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The three-part drama - which will air over three consecutive evenings this week - is based on the real life murders of married couple Peter and Gwenda Dixon, as well as siblings Richard and Helen Thomas, in the 1980s.
But what exactly happened all those years ago?
Well, at the centre of what happened is serial killer John Cooper (played by Keith Allen in the ITV drama) who was convicted for a number of burglaries in 1998.
But his crimes were actually far more sinister. In fact, he had committed a series of murders and rapes, which he wouldn't be found guilty of for many years.
Cooper's first known murder victims were Richard Thomas and his sister Helen, who lived in a mansion in Milford Haven. It was 1985, and after breaking into the property, Cooper killed both Richard and Helen, with both being found days later with point blank shotgun wounds.
Although a team of 100 officers worked on the case, the killer was never found.
Four years on from the devastating crime and a second case followed, when husband and wife Peter and Gwenda Dixon were murdered while on holiday.
The couple, from Oxfordshire, had been walking along the Pembrokeshire Coastal Path when they encountered Cooper. They were shot at close range, but only after Cooper had stolen Peter's wedding ring and wallet.
He was seen trying to withdraw cash at an ATM using Peter's bank card not long afterwards. But again, police were unable to catch the killer, despite a huge TV appeal on BBC's Crimewatch.
Both cases remained unsolved, until 2006, when Detective Superintendent Steve Wilkins (Luke Evans) returned to Dyfed-Powys police after taking two years out to work with the National Criminal Intelligence Service.
Armed with knowledge that a number of cases had been solved recently thanks to more advanced DNA methods, Steve decided to delve into some unsolved crimes in Pembrokeshire, known as Operation Ottawa.
The double murders from the 1980s were included as well as another incident which took place in 1996, in which five teenagers were attacked, with one raped and another sexually assaulted.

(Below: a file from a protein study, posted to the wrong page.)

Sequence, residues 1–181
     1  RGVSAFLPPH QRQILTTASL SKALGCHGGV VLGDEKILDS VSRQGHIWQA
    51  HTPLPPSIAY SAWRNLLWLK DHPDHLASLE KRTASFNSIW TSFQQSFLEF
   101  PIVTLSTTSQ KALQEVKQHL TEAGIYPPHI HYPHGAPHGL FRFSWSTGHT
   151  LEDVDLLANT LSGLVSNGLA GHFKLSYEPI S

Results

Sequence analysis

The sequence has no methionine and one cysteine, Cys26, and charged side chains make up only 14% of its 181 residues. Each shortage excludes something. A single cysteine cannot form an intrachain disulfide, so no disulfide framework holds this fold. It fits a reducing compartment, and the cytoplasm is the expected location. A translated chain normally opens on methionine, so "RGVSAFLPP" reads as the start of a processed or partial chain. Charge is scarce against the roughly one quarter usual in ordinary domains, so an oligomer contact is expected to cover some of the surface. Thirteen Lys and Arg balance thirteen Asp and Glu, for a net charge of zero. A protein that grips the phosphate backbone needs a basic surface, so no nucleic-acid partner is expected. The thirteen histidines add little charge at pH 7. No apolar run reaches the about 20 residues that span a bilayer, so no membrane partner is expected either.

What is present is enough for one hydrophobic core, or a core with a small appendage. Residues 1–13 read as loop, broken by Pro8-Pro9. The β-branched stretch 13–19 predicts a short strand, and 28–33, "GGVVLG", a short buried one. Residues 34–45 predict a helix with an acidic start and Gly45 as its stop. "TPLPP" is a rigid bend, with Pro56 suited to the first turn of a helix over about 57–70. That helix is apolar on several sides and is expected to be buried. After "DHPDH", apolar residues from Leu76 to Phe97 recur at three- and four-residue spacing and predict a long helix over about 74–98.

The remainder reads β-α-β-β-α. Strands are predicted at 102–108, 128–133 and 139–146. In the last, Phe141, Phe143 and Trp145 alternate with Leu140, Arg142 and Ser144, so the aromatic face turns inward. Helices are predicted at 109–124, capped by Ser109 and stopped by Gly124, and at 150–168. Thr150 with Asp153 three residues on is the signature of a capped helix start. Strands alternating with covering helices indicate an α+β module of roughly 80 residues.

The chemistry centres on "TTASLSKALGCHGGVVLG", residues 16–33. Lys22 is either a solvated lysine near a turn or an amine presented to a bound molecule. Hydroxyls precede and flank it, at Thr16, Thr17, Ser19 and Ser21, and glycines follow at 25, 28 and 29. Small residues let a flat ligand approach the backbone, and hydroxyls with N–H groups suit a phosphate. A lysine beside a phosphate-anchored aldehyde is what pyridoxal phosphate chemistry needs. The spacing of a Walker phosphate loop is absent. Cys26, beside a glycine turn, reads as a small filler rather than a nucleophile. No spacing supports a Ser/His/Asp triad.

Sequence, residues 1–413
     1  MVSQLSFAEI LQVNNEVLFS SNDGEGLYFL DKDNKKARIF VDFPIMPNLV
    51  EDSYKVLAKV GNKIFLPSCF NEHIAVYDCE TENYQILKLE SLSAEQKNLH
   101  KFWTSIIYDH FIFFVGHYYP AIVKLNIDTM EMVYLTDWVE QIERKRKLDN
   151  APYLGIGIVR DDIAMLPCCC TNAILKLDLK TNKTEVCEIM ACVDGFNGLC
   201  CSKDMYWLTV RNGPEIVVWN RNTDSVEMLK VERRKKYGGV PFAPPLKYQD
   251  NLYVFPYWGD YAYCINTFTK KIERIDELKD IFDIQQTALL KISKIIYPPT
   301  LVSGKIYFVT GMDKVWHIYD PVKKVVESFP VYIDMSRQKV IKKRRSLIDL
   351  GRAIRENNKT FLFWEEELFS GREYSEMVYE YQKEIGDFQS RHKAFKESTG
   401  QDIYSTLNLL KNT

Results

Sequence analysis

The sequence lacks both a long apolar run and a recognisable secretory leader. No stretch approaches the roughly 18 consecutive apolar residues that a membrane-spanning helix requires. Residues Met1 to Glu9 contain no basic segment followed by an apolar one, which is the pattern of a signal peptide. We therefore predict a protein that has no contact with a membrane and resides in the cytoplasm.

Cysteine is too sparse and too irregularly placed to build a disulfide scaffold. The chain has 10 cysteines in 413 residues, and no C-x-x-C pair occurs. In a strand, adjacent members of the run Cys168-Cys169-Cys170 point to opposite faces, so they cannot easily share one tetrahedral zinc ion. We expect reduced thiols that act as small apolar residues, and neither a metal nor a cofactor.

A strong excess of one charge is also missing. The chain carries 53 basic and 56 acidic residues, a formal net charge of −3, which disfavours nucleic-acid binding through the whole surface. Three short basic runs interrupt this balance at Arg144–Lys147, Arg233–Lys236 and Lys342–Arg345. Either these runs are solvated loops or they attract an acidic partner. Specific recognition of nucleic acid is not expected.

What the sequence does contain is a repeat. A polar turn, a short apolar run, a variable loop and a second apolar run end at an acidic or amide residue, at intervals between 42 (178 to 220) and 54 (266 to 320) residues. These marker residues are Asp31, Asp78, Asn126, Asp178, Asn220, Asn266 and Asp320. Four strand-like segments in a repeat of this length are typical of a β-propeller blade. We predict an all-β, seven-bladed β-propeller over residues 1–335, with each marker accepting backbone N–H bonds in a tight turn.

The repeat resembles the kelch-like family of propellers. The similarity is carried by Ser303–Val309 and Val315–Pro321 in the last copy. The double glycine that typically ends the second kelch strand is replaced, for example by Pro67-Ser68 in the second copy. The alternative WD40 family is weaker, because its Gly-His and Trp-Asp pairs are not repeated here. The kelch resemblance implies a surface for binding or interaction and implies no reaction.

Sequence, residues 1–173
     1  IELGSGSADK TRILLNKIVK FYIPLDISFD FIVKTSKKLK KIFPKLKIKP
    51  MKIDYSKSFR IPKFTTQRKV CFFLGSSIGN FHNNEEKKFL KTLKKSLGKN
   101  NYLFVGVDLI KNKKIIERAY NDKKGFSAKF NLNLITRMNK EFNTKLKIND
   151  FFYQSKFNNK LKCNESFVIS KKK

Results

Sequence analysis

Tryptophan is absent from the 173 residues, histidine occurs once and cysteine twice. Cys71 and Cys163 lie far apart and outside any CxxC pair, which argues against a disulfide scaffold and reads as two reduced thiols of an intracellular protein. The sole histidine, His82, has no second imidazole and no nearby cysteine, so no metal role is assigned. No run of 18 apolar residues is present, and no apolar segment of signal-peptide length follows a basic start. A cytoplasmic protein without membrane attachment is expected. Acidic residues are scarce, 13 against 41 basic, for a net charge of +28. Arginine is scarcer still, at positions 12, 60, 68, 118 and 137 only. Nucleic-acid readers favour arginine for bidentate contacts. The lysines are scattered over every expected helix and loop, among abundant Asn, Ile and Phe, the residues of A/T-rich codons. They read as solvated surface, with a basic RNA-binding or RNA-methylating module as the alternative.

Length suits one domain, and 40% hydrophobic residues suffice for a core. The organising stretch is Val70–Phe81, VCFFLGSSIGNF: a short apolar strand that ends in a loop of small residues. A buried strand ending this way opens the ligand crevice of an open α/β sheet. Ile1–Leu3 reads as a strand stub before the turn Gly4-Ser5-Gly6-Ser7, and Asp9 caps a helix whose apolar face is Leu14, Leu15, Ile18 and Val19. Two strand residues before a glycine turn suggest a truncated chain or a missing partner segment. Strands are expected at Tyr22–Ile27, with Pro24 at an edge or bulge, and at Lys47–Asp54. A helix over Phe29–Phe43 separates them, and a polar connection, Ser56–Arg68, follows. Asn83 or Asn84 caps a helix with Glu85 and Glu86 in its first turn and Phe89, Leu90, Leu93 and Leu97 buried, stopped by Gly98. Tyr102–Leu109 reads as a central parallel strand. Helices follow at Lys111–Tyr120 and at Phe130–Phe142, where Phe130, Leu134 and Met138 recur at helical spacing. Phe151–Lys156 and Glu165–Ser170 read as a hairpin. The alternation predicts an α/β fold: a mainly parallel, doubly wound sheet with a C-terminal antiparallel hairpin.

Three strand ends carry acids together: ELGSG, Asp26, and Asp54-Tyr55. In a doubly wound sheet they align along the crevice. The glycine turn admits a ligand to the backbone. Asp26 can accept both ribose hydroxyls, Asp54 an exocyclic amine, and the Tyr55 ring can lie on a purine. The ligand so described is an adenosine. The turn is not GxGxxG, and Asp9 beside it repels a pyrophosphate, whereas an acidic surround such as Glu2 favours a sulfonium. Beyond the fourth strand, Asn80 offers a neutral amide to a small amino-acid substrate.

As viewers saw in the first episode of Pembrokeshire Murders, Steve immediately suspected Cooper for the crimes, but at the time, he was up for parole from his conviction in 1998.
Working night and day to find evidence against Cooper, one key piece of the puzzle came when the police discovered Cooper had been a contestant on ITV game show, Bullseye.
Using a tape of the programme, they noticed a striking resemblance between the younger Cooper and an artist's impression of the killer that had been created at the time from eye witnesses.
But the most compelling evidence came thanks to the ever advancing DNA profiling. Police found a pair of khaki shorts taken from Cooper's home had a tiny drop of Peter Dixon's blood, trapped in the hem where his wife Pat had turned up the seams.
The shorts themselves matched witness testimony from when Cooper had withdrawn money from the ATM, and it also explained why they were now shorter than what was first reported.
Added to this, police also found the shotgun, which was discovered to have traces of Peter's blood. With enough evidence to charge Cooper, he was convicted of the two murders, as well as the rape and sexual assault from the incident in 1996.
He denied the charges, but was sentenced in 2011. Cooper, now 76, still remains in jail - at an undisclosed location - to this day.
The Pembrokeshire Murders continues this evening, at 9pm on ITV.
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